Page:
When to comes to understanding the science of home bread making, the type of flour that is used to make your bread has a direct bearing on the taste and quality of the baked product. There are numerous different types of bread flour available and it is important that you understand the difference between them before embarking on your bread baking journey.
You may think that a flour is a flour and they all look similar but in reality, they can all be very different depending on how they were produced, milled and stored. Even different brands of the same type can be very different.
Sometimes called plain flour, this is a blend of refined hard and soft wheat flour, which is more suited for use in cake and cake bread recipes. All-purpose bleached white flour is not particularly good for use in home bread baking.
Self Raising or Self Rising Flour
This white or wholemeal flour contains chemical leavening ingredients. These agents will interfere with bread and cake making so this type of flour is not recommended for use when baking by hand or in home bread making machines.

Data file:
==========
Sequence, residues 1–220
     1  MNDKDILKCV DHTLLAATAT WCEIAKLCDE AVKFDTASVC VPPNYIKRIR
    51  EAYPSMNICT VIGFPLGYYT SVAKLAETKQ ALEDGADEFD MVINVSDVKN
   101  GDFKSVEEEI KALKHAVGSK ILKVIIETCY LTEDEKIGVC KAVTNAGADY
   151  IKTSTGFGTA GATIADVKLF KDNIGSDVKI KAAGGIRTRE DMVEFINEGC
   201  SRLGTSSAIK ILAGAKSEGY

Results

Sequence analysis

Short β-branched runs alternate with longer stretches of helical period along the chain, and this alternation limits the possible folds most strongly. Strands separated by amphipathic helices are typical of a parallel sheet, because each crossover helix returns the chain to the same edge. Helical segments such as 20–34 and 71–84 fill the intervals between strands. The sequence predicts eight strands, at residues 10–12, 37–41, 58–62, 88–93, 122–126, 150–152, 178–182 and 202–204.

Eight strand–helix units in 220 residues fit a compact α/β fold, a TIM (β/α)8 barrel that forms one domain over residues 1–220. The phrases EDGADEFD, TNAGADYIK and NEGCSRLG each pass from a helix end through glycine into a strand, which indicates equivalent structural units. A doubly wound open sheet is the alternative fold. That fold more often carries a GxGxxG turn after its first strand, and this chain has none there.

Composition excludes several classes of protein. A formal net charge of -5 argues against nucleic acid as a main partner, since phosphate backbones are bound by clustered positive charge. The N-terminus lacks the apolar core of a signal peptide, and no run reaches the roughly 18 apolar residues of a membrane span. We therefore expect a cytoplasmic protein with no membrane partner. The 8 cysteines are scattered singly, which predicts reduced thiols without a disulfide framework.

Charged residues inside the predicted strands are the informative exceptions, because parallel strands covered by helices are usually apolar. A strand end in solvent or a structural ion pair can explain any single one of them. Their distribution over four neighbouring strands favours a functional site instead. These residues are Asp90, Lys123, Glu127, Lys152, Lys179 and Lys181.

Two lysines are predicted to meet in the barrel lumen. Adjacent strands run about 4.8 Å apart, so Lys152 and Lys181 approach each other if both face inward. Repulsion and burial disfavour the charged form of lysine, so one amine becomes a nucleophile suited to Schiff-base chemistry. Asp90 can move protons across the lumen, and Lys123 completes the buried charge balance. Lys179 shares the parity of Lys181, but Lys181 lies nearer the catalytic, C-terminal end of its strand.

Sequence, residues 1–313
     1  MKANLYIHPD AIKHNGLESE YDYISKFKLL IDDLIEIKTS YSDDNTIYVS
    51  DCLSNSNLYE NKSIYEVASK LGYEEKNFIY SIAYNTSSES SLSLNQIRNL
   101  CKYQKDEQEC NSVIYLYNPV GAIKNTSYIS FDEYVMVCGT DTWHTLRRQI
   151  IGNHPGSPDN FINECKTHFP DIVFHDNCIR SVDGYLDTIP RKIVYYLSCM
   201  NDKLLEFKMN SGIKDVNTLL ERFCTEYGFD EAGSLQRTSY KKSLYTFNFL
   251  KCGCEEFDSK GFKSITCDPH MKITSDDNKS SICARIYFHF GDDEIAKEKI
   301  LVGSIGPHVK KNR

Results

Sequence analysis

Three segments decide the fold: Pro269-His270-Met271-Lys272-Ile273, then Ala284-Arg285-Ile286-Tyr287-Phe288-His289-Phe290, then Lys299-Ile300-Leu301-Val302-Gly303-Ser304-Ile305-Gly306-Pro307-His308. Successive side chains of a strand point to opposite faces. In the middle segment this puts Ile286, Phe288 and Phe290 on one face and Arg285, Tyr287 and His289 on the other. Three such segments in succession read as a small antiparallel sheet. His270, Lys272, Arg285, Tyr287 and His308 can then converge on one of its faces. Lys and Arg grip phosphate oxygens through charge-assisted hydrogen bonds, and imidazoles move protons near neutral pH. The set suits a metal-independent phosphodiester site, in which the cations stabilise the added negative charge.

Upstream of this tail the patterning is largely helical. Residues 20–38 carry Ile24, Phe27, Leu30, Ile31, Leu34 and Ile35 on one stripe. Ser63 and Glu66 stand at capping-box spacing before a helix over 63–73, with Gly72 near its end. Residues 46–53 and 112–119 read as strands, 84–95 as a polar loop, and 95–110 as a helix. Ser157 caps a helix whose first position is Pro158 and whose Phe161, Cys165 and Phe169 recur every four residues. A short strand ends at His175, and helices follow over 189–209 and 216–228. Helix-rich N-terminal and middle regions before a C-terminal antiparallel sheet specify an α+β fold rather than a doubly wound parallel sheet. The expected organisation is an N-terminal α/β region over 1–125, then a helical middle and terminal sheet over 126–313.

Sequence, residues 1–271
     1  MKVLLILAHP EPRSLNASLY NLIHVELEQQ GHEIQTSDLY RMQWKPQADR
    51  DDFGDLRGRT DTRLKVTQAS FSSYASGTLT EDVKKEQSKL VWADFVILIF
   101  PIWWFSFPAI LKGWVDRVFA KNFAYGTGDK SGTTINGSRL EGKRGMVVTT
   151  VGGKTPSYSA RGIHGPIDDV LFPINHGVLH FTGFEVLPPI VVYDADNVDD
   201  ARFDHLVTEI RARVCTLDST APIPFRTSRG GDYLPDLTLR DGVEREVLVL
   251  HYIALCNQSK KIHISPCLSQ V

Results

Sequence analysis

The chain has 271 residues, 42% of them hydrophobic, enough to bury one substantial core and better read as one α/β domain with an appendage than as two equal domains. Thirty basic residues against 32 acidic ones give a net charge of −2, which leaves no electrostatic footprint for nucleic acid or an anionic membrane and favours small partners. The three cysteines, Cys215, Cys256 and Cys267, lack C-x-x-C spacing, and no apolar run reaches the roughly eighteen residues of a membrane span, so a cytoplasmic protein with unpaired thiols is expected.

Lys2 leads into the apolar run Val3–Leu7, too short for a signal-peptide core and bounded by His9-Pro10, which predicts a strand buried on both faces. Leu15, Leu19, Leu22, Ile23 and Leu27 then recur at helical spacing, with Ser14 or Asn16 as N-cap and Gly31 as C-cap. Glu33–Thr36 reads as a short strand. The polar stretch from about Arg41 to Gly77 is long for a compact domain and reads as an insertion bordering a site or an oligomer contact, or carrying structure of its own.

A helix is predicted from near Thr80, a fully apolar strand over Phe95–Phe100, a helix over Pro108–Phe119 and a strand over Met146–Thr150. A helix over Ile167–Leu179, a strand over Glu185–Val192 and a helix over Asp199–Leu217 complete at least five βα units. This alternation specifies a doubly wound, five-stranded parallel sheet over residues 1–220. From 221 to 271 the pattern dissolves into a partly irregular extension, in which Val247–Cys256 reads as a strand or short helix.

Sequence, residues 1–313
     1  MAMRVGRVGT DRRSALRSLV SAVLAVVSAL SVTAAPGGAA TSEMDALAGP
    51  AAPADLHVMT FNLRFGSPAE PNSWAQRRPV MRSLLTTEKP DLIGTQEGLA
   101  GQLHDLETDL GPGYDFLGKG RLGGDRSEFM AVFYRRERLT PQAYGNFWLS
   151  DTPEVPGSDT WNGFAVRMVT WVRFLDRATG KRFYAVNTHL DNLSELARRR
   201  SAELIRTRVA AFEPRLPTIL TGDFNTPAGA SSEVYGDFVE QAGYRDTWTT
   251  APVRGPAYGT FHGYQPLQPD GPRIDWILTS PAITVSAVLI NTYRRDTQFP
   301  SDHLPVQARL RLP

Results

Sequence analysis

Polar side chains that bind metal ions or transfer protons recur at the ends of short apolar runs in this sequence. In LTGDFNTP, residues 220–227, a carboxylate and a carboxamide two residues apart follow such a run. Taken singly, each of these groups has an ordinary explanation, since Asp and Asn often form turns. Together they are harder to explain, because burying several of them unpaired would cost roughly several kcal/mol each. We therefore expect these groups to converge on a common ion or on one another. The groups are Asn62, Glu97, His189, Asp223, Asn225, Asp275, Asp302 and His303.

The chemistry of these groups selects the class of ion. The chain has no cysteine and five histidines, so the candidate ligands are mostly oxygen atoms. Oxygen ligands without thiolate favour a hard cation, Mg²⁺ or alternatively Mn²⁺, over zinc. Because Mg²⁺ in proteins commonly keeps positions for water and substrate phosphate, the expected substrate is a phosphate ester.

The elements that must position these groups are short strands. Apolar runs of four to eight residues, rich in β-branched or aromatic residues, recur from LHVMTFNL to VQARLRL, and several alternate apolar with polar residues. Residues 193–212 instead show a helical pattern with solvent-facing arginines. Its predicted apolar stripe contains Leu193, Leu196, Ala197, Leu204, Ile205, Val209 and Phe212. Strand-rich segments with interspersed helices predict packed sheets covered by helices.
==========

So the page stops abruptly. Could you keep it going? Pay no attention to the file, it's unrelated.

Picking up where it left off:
Strong Plain Bread Flour
This is strong plain flour, which has a high protein and gluten content. The flour is treated with conditioning agents in order to give the dough a greater tolerance during the kneading process. The gluten content is usually higher than all purpose flour but this can vary across brands depending on the individual milling practices. Strong plain bread flour is normally recommended for use in bread making machines.
Whole Wheat Flour
Also known as wholemeal, this flour contains the bran and the wheat germ since it is milled from the entire wheat kernel. Because of this, it is both heavier and more nutrient rich than all purpose flour. Breads made solely with wholemeal flour will normally be smaller and heavier due to the sharp edges of the wheat germ and bran cutting the strands of gluten. For that reason, whole-wheat flour is often mixed with strong plain bread flour in order to produce baked goods that are higher and more lightly textured.
You will soon discover that flour is flour except when it comes to baking bread. Even though different brands may say the same thing on the bag, there are quite large variations and you will need to experiment until you find the right type of flour to make the perfect loaf.
Whichever flour is used to make your bread, make sure that you store it in a secure airtight container otherwise the quality will deteriorate, as will your baked products.